5. It’s vulnerable to security concerns. Like all technology, hacking or security breaches are ever present, putting conversations at risk because the data they’re based upon has been breached. ‘Prompt injections’, where the LLM follows instructions provided by a malicious user to provide incorrect responses, threatens to undermine its use. The potential for reputational damage means that a successful deployment of ChatGPT and other LLM technologies must be planned and managed by professionals.

Make AI tools part of your wider strategy.

In customer services specifically, cutting corners simply isn’t an option, and can do more harm than good. Designing a watertight conversation AI strategy guarantees you can automate and reduce response times whilst improving customer satisfaction and protecting and building your brand. An LLM like ChatGPT is only one tiny piece of a much larger strategic jigsaw puzzle.



Designing a conversation AI strategy

  1. Define your business goals. Faster, more integrated communication and delighting customers are common aims for conversation AI.
  2. Who is your audience and what is your use case for conversation AI? Understand the parts of your business where an automatic process uses technology but perhaps still relies upon humans. Repetitive and menial tasks can be completed more easily, but you must understand the optimal channels and how best to communicate.
  3. Build or buy the platform? This is where language technologies may be introduced if you plan to build your own platform over time with experienced employees. LLMs can be incorporated into the strategy for many reasons - to talk to customers or to increase productivity for conversation designers by providing them with prompts and training phrases.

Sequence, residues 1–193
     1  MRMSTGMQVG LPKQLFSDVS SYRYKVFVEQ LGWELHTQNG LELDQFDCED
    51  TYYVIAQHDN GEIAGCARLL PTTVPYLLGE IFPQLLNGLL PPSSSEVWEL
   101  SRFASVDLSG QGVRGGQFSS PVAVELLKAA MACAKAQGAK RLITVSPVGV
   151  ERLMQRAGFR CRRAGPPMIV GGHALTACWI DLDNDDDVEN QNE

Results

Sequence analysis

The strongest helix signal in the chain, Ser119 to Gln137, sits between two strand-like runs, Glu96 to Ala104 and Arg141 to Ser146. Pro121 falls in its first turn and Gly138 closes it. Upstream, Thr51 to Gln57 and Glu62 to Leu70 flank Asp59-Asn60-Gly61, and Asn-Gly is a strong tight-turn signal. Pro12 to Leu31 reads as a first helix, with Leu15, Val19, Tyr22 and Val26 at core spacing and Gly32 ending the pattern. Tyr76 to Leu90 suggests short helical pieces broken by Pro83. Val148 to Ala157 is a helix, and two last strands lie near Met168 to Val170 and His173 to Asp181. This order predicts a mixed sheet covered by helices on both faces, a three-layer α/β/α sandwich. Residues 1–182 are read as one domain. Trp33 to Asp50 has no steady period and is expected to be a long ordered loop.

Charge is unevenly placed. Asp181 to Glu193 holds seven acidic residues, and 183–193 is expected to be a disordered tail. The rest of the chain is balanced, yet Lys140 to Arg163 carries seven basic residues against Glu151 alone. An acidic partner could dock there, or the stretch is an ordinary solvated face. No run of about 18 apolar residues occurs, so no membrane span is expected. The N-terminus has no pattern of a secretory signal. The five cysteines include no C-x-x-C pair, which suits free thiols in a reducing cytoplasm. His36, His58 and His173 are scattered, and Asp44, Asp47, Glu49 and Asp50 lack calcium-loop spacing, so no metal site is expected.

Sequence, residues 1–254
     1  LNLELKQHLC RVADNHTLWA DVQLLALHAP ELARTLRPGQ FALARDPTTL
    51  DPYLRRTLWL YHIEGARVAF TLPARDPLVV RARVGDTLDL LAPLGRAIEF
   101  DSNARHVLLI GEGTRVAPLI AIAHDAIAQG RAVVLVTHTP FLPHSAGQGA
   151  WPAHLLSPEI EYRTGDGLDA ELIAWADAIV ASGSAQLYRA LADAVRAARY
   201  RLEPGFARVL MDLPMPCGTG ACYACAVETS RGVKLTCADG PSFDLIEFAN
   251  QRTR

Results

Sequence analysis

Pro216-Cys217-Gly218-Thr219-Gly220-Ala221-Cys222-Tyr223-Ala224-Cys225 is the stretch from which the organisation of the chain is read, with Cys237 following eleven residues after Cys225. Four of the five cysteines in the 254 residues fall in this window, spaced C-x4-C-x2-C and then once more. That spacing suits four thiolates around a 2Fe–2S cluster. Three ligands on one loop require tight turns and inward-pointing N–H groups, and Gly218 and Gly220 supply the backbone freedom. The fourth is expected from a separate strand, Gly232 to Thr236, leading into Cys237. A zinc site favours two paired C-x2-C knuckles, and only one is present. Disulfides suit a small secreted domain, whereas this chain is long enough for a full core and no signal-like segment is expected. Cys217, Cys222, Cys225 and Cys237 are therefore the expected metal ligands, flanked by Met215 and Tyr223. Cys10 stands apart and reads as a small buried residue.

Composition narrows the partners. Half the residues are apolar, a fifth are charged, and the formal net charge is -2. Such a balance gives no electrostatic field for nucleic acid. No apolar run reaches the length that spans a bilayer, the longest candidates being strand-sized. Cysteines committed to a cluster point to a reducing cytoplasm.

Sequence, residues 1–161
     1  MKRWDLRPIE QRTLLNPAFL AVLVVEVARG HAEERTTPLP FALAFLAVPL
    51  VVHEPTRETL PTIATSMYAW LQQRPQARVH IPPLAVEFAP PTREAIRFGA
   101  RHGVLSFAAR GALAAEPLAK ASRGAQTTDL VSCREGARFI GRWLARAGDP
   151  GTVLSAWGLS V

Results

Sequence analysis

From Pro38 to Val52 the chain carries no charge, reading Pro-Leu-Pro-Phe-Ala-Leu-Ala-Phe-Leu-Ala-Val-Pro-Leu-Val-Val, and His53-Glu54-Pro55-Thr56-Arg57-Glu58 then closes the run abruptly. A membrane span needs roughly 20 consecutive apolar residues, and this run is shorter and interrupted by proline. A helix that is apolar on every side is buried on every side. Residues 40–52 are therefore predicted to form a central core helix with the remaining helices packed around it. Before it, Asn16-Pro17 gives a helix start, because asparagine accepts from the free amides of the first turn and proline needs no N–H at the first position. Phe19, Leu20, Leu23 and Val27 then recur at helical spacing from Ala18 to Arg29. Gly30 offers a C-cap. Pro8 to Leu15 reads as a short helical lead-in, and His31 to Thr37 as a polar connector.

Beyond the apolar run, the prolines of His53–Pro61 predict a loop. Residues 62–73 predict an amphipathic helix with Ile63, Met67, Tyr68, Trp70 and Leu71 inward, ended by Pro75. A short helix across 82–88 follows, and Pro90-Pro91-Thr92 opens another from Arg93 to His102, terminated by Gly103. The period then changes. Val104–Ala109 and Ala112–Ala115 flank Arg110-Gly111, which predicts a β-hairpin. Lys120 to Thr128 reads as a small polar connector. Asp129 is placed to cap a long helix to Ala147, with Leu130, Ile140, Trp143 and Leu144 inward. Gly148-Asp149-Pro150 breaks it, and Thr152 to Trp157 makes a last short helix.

4. Design for customer experience. If you have employees who are trained and understand conversation AI, customer experience will be at the heart of their daily goals.

At Conversation Design we’re regularly asked to provide our opinion on technology like ChatGPT, and whether they will make conversation designers redundant. Far from replacing people, AI systems will become a professional sidekick and exist alongside your trained teams of conversation AI specialists who can spot the pitfalls and errors. These new tools will help organizations be more efficient, more available around the clock and potentially scalable based upon demand and company growth if it’s part of a much wider strategy. In the hands of professionals, AI tools like ChatGPT can be powerful, but must be managed by humans. 

To take a step further in understanding how ChatGPT and other LLMs can make you more productive in your conversation design, you can see our founder Hans Van Dam talk about it here. (

If you’d like to find out more about how the team at CDI can help you and your team get the most from Conversational AI contacts us through the website or call the team on Call us +31 (0) 20 23 71 610.